Here’s a review of the questions:
- As Summer 2021 draws near, music fans in Cincinnati are hopeful that festive outdoor concerts will resume at this historic pavilion on the banks of the Ohio River. Name the venue.
- Name the Cincinnati band, active from 1986 to 2001, whose 1993 album “Gentlemen” is regarded as a classic of the Grunge Era.
- Who is the Pulitzer Prize and PEN/Faulkner Award-winning author of “The Hours” and what is his connection to Cincinnati?
And here are the answers:
- Riverbend Music Center began construction in 1983. The following year, the outdoor, “shed”-style venue opened as “The Hulbert Taft Jr. Center for the Performing Arts, J. Ralph Corbett Pavilion.” It has since come to be known simply as Riverbend and is a destination for fans of everyone from the Cincinnati Symphony Orchestra to ‘Lil Wayne. In 2008, the neighboring PNC Pavilion opened, providing a smaller venue with all seats under cover.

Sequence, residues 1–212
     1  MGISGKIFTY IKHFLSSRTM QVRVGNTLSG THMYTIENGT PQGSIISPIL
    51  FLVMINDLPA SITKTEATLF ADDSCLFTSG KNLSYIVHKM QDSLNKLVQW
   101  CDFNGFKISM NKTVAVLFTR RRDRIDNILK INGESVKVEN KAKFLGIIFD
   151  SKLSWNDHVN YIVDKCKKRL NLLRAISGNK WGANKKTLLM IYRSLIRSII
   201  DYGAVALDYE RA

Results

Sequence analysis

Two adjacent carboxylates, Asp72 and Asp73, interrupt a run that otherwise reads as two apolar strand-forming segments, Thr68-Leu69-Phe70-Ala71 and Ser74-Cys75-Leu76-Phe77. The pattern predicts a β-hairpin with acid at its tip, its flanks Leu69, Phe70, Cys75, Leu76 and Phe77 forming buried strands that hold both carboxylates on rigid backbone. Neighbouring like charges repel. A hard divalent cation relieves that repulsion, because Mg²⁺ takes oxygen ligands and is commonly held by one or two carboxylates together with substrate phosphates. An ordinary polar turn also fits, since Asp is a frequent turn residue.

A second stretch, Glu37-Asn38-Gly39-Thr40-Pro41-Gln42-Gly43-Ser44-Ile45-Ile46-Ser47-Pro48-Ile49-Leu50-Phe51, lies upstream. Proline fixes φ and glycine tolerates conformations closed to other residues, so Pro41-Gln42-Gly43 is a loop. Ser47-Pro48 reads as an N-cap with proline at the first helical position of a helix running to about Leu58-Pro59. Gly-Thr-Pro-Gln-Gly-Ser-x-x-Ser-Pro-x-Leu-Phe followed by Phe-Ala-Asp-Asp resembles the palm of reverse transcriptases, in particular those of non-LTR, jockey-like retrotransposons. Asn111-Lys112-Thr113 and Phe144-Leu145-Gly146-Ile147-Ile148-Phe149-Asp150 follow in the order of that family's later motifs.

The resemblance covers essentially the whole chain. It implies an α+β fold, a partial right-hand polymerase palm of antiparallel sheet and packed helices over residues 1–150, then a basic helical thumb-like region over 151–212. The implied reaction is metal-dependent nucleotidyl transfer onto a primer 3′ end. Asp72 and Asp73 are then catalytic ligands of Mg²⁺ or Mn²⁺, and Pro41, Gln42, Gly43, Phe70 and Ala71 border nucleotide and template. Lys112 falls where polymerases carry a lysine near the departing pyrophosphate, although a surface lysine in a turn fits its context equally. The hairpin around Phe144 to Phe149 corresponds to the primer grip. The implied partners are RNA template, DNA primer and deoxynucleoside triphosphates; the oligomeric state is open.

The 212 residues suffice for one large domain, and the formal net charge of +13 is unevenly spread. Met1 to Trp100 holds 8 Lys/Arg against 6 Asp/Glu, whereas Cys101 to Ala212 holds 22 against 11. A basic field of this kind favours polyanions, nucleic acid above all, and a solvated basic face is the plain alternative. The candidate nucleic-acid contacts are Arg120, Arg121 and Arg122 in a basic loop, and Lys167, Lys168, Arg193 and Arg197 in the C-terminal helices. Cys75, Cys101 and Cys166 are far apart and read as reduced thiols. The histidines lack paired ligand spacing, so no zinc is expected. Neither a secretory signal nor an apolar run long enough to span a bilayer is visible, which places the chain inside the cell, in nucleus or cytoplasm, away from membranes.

- The Afghan Whigs were made up of Greg Dulli (vocals, rhythm guitar), Rick McCollum (lead guitar), John Curley (bass), and Steve Earle (drums). They emerged from Cincinnati clubs to become one of the premiere alt-rock acts of the early ‘90’s, Their fourth album, “Gentlemen,” referred to by Pitchfork as, “compelling…necessary…with an urgency that has not softened over time,” opens with the buzz of car wheels on the John A. Roebling Suspension Bridge, connecting Kentucky and Ohio.
- Michael Cunningham was born in Cincinnati in 1952. He grew up in California and attended Stanford as a young student. Aside from “The Hours,” which was made into a 2002 award-winning movie with Meryl Streep and Nicole Kidman, he also received acclaim for his novels, “A Home at the End of the World” and “Flesh and Blood.” The recipient of numerous fellowships as a young writer, he now lectures at Yale University and has written for “The New Yorker,” Paris Review” and “The Atlantic Monthly.”
Thanks for playing!